The Grassmarket is an ancient market place in the Old Town of Edinburgh. It’s cobbled streets lie in the shadows of Edinburgh Castle. Together with neighbouring Victoria Street, it is home to a quirky collection of independent shops, historic pubs, restaurants and other attractions.
First mentioned in documents from the 1300s, the Grassmarket became one of the main market places in the city. It was, for most of its history, a very poor area. Famously, a place of execution until the late 18th century. Today it has become an upmarket area with rising property prices and it remains a busy part of Edinburgh life. Still with a weekly market, which now sells artisan foods and crafts.
Shopping in the Grassmarket
A mix of buildings, dating from the early 1700s onwards, surround the Grassmarket. These are occupied by a number of businesses, including shops, pubs and restaurants. Popular and unusual shops include Armstrong’s Vintage (one of the oldest vintage clothes stores in the country), Mary’s Milk Bar (a retro ice cream parlour), and Mr Wood’s Fossils (fossils, minerals and meteorites galore). On Saturdays, there is a local market, which sells fine Scottish food and drink, along with handmade gifts and souvenirs.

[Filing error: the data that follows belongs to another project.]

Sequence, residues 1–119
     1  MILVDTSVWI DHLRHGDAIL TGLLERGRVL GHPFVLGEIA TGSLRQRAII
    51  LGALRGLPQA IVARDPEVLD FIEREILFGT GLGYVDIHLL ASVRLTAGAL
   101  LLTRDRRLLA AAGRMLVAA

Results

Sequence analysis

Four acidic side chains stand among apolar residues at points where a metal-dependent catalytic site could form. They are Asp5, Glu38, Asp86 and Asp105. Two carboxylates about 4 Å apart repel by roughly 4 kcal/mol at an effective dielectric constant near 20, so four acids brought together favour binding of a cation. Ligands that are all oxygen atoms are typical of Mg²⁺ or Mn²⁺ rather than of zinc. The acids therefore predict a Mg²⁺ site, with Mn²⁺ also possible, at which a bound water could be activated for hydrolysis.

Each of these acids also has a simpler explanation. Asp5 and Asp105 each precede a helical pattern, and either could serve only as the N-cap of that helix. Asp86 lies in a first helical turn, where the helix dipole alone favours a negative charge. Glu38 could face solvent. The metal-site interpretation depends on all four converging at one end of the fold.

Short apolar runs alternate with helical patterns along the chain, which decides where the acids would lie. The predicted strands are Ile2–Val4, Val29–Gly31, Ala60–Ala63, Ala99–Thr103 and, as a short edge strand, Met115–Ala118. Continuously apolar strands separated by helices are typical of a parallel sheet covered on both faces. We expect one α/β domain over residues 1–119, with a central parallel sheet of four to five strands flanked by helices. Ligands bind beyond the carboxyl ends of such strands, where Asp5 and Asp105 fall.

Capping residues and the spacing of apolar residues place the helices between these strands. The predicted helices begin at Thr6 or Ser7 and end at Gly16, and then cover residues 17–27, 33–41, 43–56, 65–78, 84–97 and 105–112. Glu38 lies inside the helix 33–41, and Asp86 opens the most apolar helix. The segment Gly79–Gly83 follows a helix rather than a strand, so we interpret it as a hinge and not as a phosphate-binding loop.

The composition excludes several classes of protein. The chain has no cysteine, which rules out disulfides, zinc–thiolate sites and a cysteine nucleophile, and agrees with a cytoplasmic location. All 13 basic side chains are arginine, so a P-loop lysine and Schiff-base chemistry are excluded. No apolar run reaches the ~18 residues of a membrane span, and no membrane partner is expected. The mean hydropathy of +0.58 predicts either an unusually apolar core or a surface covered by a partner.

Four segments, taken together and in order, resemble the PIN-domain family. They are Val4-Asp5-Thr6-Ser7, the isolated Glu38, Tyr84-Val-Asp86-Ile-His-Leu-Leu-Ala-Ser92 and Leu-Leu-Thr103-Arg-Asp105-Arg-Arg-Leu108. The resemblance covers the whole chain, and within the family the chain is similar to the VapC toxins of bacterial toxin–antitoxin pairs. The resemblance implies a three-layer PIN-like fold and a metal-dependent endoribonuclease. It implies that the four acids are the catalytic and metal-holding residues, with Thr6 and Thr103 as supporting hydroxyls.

Shopping on Victoria Street
Victoria Street is a steep street of cobbles, which winds up from the Grassmarket to George IV Bridge, near the Royal Mile. With its unusual shape and collection of quirky shops, its often said to be the idea behind Diagon Alley in the Harry Potter series. JK Rowling wrote most of the books while living here in Edinburgh and took inspiration from all around her. Indeed, there are now two wizarding shops on Victoria Street, Museum Context and The Boy Wizard, which sell Harry Potter merchandise. Other shops include I J Mellis (traditional cheesemonger) John Kay’s (antique shop) and The Whisky Shop (whiskies and other spirits).